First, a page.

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Friday, April 29th, 2011
The First Annual Deschutes River/White River/Shearer's Bridge/Tygh Valley Star Party
 
LOL... well, maybe not, but it was a good spot, good friends and a good time!
 
A small group of us were at the corner of White River and Deschutes at a group camp site in the Confederated Tribes of Warm Springs Reservation (I didn't realize the reservation extended that far). A nice little camp site in a Bortle 2 sky, although it was a bit bright for Bortle 2 because of moisture in the air. A clean bathroom (a decent forest service outhouse really), a rushing river, and a railroad track that seemed to service a 500 billion car train about every 15 minutes (or at least it seemed like it). Scott likes trains and enjoyed them when they went by. I don't, and found them a bit annoying. But hey, I'd trade some trains for clouds any day (or night!).
 
The forecast was "partly cloudy" for the entire weekend. My motto is: I'd rather be there and say, 'Yup, it was full of sucker holes', then stay home and hear about how awesome it turned out to be and how I really missed some great viewing! This weekend was no exception and I went out there after packing in the rain.
 
As soon as we crossed the mountain line, the sky went from white to blue. Things are looking up... woot!
 
The wind was blowing pretty good while we unpacked and setup the gear (which is growing to more and more stuff each year.. doh!). My wind blocker did an excellent job of shielding my setup from the wind though and I was happy I brought it.
 
As twilight set in the sky remained clear and stayed clear all night! Praise God, we're havin' us a star party!
 
A little moisture in the air kept the sky from being either as steady or as dark as it could have been, but it was dark and clear all the same. By far the best night of the year (for me at least).
 
 
The Observing Session
I had the 16" Lightbridge with me and was looking forward to excellent galaxy, star cluster and globular views with a few planetary nebulae here and there.
 
I stuck to using the 35mm Panoptic and the 22mm and 12mm Nagler's all night. No higher power was really usable, but that's fine as I wasn't observing really tiny objects.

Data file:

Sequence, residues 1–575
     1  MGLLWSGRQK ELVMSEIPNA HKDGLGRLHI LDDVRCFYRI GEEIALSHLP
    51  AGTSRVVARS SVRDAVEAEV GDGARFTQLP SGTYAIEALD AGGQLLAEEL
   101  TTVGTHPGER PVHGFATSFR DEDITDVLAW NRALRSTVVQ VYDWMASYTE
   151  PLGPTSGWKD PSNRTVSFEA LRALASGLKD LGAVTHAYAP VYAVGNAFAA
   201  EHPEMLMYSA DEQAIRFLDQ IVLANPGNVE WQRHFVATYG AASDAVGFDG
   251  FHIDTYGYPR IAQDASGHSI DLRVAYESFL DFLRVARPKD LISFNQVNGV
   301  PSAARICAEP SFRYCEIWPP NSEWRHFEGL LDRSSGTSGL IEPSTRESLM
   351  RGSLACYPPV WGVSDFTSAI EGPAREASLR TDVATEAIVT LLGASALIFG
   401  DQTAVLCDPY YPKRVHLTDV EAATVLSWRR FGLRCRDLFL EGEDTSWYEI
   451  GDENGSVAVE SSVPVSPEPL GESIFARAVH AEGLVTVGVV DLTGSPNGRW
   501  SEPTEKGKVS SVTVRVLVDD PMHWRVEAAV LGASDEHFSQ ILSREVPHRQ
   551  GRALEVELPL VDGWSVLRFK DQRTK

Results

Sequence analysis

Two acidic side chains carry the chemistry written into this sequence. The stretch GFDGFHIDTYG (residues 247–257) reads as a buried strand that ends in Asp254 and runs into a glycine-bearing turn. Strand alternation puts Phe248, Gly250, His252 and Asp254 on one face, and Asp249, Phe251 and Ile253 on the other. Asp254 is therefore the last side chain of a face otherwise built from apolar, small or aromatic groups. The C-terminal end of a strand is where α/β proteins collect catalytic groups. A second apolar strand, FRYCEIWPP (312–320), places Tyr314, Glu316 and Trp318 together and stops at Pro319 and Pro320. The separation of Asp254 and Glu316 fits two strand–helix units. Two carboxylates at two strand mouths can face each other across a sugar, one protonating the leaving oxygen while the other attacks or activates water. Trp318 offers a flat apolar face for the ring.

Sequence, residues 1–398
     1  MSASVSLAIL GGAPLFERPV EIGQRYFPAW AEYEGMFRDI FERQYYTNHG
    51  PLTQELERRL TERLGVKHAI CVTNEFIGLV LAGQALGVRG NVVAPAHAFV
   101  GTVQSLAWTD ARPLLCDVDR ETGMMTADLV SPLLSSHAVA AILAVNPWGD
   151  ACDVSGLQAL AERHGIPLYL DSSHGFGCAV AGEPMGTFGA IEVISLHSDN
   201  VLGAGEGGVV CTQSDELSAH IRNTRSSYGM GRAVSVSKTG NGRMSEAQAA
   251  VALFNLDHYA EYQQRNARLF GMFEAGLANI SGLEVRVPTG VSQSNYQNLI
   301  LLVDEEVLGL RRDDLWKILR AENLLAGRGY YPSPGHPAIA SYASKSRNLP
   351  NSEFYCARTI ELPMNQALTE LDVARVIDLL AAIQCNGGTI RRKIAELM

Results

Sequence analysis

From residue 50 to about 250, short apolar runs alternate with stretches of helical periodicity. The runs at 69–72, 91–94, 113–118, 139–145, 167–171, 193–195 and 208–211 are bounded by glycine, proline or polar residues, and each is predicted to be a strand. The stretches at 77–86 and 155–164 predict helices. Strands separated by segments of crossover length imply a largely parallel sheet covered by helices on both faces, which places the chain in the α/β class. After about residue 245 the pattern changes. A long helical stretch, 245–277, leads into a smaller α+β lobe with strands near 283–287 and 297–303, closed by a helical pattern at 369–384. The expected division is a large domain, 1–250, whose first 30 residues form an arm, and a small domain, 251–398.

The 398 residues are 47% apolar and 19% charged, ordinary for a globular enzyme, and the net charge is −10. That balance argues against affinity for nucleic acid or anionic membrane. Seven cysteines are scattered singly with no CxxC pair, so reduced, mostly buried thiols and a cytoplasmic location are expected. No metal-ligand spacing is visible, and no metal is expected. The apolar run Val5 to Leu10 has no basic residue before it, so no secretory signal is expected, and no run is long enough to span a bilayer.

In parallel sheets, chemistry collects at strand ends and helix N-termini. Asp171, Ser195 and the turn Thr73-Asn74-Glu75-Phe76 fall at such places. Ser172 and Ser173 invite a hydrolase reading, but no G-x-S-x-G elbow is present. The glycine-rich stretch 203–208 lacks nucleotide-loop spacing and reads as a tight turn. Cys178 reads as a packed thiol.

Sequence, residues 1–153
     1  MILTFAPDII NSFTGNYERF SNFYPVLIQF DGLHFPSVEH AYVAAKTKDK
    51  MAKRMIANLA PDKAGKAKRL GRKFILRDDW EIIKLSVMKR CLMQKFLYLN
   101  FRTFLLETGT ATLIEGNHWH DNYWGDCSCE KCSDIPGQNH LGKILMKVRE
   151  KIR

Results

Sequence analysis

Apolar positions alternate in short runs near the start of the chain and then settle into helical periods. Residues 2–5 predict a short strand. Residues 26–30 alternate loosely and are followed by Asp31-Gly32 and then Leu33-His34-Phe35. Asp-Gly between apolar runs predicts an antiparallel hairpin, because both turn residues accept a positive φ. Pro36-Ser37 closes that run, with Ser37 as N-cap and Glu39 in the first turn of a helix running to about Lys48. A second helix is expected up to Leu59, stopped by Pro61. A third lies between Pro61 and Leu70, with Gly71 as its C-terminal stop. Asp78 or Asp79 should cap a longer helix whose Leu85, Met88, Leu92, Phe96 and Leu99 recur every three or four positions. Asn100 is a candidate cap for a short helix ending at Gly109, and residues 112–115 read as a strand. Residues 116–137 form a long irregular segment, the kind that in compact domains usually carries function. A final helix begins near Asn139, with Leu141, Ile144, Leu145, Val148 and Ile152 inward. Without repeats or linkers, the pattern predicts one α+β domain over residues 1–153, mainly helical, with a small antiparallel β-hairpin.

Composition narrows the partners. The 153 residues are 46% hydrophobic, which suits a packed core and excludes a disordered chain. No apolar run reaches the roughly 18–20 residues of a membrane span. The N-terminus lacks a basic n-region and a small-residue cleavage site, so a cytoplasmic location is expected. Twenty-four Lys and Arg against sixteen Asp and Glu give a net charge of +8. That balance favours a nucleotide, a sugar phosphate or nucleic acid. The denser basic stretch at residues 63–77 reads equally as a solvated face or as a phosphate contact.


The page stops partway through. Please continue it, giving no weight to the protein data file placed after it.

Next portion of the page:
The first object I pulled up was M66 and jinkies la'winkines it was AWESOME! For some reason I always look at the Leo Trio in a wide field eyepiece because I enjoy the multiple galaxy view. This time I had it in the 12mm and oh my... it was incredible. Contrasty, modeled, I could see the "6" shape of it with dust lanes and whatnot... it's going to be a great night! Moving to M65 I enjoyed the rich dust lane and oval shape knowing it's a tilted edge on galaxy.
 
I won't go through all of the observations, but suffice it to say that it's been since last August I had a session anywhere near this nice and it was a welcome experience.
 
West mentioned that I should observe the ISS as it goes by, so in honor of him, I did. It was great. Severely bright, but the distinct H shape with golden panels was easy to see. I wish I would have thrown a variable polarizer on first though.. doh!
 
 
The Imaging Session
Assuming I'd be imaging through sucker holes, I had only 2 targets in mind for this weekend - Leo Trio on the first night and and Markarian's Chain on the second. Because the sky was clear the entire night both nights, I had more time then I was even hoping for and I was able to not only shoot them for 3 hours each, but I also got 3 other images.
 
I started the night doing 2 things I've never really done before:
1) Drift aligning. My polar alignment technique is pretty good and I generally get close enough to guy nicely and take good long subs with having a manageable amount of drift. But I wanted to take my images to the next level and the easiest way I can do that with existing gear is to dial in my polar alignment better because as Tom Carrico says, "a mount that doesn't need correcting will produce better images". So I tried to set up the mount as absolutely best as I possibly could. I did the drift alignment using PHD and enabling the graph, but disabling the guide output so I could watch the drift. It worked perfectly and I was drift aligned within 40 minutes or so.
 
2) Focus, focus, focus. I feel that I generally have good focus as my focus routine works well. But... I thought I'd try to take it to the next level be getting close, then getting it closer. I did my initial focus on Arcturus with the Bahtinov mask, but then, I took long, guided 2 minute subs and checked the mask spikes on the little tiny stars to make sure they were good. Sure enough, even though Arcturus showed the spikes to be great looking, there was some indicators of focus issues on the little stars, so I got those perfect as well making TINY increments with the WalterLee Tech heliFocus (I love that thing!).